Rabbi Loren Filson Lapidus lights the candles at the 2023 American Jewish Committee’s Unity Seder at The Temple in Midtown. (Dyana Bagby)

More than 300 people gathered March 29 at The Temple, Atlanta’s historic synagogue located in Midtown, to celebrate the American Jewish Committee’s annual Unity Seder.

The seder is the Jewish holiday of Passover to remember the biblical story of the Israelites’ exodus from Egypt, from slavery into freedom. For decades, the Unity Seder was a Black and Jewish event. In recent years, the AJC opened the seder up to people from different ethnicities and religions.

Rabbi Loren Filson Lapidus, senior associate rabbi at The Temple, greeted everyone and said the people in the room each represent a unique story, but they are also part of a larger community responsible for each other.

“How pleasant it is for each of us to sit together, each of us affirming either our faith identities, gender identities, ethnic and racial identities — so many groups we represent, and unique stories we tell,” Lapidus said.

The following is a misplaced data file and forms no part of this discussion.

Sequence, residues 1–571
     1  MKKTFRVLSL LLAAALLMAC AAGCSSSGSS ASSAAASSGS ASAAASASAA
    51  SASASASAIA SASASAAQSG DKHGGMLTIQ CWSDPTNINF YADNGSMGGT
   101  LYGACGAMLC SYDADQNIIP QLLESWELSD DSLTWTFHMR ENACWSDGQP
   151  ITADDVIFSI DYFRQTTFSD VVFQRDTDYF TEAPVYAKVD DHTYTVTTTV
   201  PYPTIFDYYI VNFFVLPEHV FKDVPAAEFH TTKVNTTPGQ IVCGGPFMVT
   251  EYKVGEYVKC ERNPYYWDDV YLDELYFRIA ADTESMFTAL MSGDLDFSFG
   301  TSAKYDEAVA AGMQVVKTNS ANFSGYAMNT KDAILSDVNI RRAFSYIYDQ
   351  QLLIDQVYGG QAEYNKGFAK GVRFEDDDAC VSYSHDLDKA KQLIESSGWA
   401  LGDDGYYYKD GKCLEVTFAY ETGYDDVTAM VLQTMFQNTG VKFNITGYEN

“We also celebrate our unity, our shared identities as beautiful creations made in the Divine image,” Lapidus said. “Tonight is about the sacred act of listening, learning and connecting eye to eye and heart to heart.”

Atlanta Mayor Andre Dickens spoke of his “Year of the Youth” initiative and read the seder’s four questions that were then discussed at each table.

The questions: What needs to happen to create sustainable change for our young people? What do we need to learn about each other so we can create positive influences on the culture of Atlanta? How do we foster authentic unity to help those who need our support? How can we draw on our shared commonalities?

Bringing people together to listen and learn from each other strengthens bonds between individuals, which in turn builds a stronger community that can work for a world where all people are cherished, Lapidus said.

“The idea is that all are welcome, not just to the literal seder, but to the ideas we celebrate and aspire to this evening — freedom, justice, equality, and peace,” she said.

“To make that a reality we must see the seder as a true call to action, a springboard into being partners with God and one another, and making real the world we dream of for ourselves and for our children.”

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Dyana Bagby

Dyana Bagby is a staff writer for Reporter Newspapers and Atlanta Intown.